Ministry, though coming directly from God by the power of the Holy Ghost, and making him that possesses the gift of it thereby the servant of Christ (1 Cor. 12, Rom. 12, 1 Peter 4), yet is exercised by each as a member of the body, while his responsibility is to the Head - saving needed discipline exercised by the church in Christ's name - each member filling up the service which belongs to it according to the will of Christ, and the power of the Holy Ghost working in it. It is exercised in the world by the evangelist - to say nothing here of the original work of the apostles - and in the body by pastors, teachers, and the like. The gifts which were signs to the world have disappeared, but not those by which Christ gathers and nourishes His church. He cannot cease to call and bless it. All Christians are members of the body. Sinners, by evangelists' work or other means, may become Christians. It is the working of God's love, founded on accomplished righteousness, in virtue of which that love can flow effectually forth to the chief of sinners, and is addressed to the whole world; and scattered saints, wherever placed, may be brought into unity by the power of the Holy Ghost working to this end by light and love. Nothing but what constitutes a person member of the body of Christ, can be the ground of union; but in union the whole will and truth of God is to be maintained in truth, holiness, and grace, according to the word and by the power of the Spirit. If through ignorance anything not constituting a person a known and recognised member of Christ cannot be settled, saints must forbear, and God will reveal it, while such is the ground of communion.

I believe it is of the last importance that the church should have a right hope. That hope is, the coming of the Lord to take the saints, already called, into glory with Himself, the church taking her place as the bride, the Lamb's wife. Consequent upon this He will set aside the power of evil and establish the kingdom in power, blessing and glory. The nominal church, not members of Christ, will be spued out of His mouth: Babylon judged, as well as all power of evil set aside: full communion and glory for the church with Christ, and the judgment and then blessing of the world as that which we ought to look for.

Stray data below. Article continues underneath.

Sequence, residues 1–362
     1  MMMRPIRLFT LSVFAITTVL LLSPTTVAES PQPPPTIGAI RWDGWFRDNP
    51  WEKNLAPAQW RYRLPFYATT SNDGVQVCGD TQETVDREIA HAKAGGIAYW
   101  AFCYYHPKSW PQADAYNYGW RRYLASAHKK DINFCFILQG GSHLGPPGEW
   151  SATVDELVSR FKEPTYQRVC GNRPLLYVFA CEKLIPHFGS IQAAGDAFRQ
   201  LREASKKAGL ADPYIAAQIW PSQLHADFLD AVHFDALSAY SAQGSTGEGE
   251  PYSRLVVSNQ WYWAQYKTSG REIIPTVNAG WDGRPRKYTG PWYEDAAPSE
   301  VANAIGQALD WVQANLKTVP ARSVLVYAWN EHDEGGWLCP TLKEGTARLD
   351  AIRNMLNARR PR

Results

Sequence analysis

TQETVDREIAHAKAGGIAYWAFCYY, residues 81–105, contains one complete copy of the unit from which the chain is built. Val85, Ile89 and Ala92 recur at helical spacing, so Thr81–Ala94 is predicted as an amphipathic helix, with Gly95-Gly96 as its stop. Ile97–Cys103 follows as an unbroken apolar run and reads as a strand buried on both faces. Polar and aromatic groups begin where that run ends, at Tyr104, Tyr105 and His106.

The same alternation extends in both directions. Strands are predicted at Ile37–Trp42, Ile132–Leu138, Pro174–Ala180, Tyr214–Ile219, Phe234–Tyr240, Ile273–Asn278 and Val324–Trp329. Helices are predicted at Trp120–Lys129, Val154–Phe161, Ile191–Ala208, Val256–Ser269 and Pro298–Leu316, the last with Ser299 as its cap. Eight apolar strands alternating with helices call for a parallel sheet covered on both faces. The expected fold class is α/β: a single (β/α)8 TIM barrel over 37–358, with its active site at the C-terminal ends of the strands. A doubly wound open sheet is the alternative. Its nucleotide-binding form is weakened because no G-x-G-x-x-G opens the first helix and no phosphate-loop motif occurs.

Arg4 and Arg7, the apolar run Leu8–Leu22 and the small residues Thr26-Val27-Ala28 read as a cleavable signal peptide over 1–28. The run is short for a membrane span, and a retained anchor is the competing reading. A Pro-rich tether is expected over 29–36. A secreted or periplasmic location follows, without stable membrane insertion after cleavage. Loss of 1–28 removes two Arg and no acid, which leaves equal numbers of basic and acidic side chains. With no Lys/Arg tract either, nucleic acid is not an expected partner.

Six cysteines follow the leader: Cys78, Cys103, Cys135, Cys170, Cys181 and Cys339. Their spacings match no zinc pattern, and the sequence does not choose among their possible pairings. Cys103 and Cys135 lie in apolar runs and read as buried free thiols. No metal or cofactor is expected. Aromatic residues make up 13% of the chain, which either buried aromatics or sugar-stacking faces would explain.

As to life: that eternal life which was with the Father has been manifested to us in Christ, and He is become our life. His precepts, walk and words, in which it was expressed in Him, become the rule and direction of that life in us. This is the rule, the Spirit is the power. God has given to us eternal life, and that life is in the Son; and "He that has the Son has life, and he that has not the Son of God has not life." Hence, through the Spirit, since it is in the Son, we have fellowship with the Son, and therefore with the Father. Inasmuch as this life is in Christ in the power of resurrection, we shall never fully have our place and glory till we are risen, though to depart and be with Him be far better.